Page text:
Papelbon's closing remark
The NY abuse is in the past
ANAHEIM, Calif. - Jonathan Papelbon said he was "totally over" the ugliness that marred his appearance at All-Star events this week in New York, but marveled yesterday at how loud Yankee Stadium turned when he entered the game.
"I swear to God, it was so loud I felt the mound shaking," said Papelbon, who was greeted with chants of "Mariano" and "Overrated" when he entered the game, the New York crowd in a frenzy because of inaccurate media reports that Papelbon said he deserved to close the game.
"The mound felt like it was vibrating," Papelbon said. "Actually, it pumped me up even more."
With the game going 15 innings, neither Papelbon nor Mariano Rivera wound up closing - Papelbon gave up an unearned run in the eighth, Rivera pitched 1 2/3 scoreless innings thereafter. Papelbon said Rivera had no issue with him.
"There was nothing really to talk about," Papelbon said. "He knew where I was coming from. That's it."
And when first base coach Luis Alicea's name was butchered by the Yankee Stadium public address announcer, a Bob Sheppard wannabe, Alicea said the booing was so loud that it didn't matter, he couldn't hear, anyway. "I've never been heckled like that in my life," he said. "They were getting on me about everything. They said my shoes were too small - they said I wore a size 3 - and my jersey was too big. I put my hands on my hips, and they said I looked like a girl. At one point, we said something to Derek Jeter, told him to say something to the crowd, but he just laughed."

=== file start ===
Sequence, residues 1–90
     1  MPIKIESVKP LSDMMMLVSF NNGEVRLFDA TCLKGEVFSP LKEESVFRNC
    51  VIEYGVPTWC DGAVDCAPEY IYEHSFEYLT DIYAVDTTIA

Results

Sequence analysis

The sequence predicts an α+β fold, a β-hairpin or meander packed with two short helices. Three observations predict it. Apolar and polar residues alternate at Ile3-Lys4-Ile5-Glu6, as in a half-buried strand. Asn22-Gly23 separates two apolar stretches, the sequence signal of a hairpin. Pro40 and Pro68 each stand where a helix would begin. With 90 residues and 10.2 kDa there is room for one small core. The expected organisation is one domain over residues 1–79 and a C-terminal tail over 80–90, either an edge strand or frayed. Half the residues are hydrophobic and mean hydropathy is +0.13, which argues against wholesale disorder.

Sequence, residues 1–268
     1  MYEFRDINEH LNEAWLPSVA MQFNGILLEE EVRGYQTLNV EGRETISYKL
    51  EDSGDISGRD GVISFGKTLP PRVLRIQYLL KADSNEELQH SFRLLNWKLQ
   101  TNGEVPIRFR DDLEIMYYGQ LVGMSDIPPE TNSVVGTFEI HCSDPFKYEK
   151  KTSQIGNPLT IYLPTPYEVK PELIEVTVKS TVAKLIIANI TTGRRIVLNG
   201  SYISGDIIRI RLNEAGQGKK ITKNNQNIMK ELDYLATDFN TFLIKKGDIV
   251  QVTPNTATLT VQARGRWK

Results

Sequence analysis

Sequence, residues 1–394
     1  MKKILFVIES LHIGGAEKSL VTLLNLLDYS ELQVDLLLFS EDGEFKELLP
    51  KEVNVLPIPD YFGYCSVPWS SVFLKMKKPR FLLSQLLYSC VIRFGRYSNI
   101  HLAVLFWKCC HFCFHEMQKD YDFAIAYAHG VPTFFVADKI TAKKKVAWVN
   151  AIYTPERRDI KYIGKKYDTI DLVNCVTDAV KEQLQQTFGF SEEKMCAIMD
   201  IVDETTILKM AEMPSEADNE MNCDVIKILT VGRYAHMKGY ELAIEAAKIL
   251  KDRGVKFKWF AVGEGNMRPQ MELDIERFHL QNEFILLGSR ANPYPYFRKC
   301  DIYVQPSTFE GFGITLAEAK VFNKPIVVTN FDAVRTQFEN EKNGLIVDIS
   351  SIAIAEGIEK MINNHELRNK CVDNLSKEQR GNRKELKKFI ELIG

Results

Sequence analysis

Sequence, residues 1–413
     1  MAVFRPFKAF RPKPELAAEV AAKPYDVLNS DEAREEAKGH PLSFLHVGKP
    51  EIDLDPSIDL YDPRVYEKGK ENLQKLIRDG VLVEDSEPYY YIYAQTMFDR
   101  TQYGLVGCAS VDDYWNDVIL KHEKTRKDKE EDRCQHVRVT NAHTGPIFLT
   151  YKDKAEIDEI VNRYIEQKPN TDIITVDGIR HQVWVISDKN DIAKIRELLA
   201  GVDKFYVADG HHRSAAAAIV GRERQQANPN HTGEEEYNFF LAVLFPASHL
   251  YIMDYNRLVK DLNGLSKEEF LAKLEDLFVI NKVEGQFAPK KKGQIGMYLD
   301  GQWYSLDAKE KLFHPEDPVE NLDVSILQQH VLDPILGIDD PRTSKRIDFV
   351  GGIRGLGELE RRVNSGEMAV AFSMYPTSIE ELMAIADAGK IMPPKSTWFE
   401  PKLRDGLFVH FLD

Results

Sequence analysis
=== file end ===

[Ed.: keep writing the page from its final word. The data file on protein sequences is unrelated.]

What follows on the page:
No shot for FranconaManager Terry Francona did not have the injection he was scheduled to receive in his neck to alleviate numbness in his left arm. The condition, he said, was a consequence of previous disk surgery, but because Francona is on blood thinners, when doctors explained some of the risks involved, he opted against the shot. Francona will exercise and undergo therapy instead. "I'm progressing from numbness to pain," he said, "so I know it's there."
Francona responded to the suggestion made by Globe columnist Bob Ryan that he should retire because of his health. "I know Bob Ryan thinks I should quit," Francona said. "But I'm not dead yet. I may be getting there."
Extra helpFrancona said he received a call from commissioner Bud Selig Thursday to discuss the All-Star Game, specifically what can be done to reduce the risk of running out of pitchers, which happened when the game was declared a tie in 2002 and came close to happening again Tuesday night, when the National and American League squads were down to their last pitchers. "On TV, when you're watching it, it may seem kind of funny, and you say, 'I wouldn't want to be that guy,' " Francona said. "Well, the other night, I was that guy."
Francona said he wrote a follow-up e-mail yesterday to Selig, kicking around some ideas. One was perhaps having fans select a slate of setup men who would understand they would not be called upon unless a team ran out of pitchers.
"George Sherrill was the hero of the day," Francona said, citing the Orioles closer who pitched 2 1/3 innings. "He kept coming in and saying, 'I'll go back out.' We called the Orioles and told them how proud we were of him, and how proud they ought to be. He was everybody's favorite. It was kind of cool.
"When [Kansas City's Joakim] Soria came out, I saw him waving to his family. I said, 'Quit waving, big boy. You're going back out there.' "
Going the distanceDavid Ortiz's rehab stint will not be shortened, Francona said, even before Ortiz homered for the second time in two games in Pawtucket. "No reason to," he said. "We've been real consistent about not cutting corners with this one, and we won't."
Francona was in his car Thursday night, he said, when his cellphone rang. Ortiz was on the other line. "He called to tell me he'd just popped out," Francona said. "I said, 'Why are you calling me for? I don't care.' " Ortiz didn't call after his home run, the manager said. "Probably too busy high-fiving."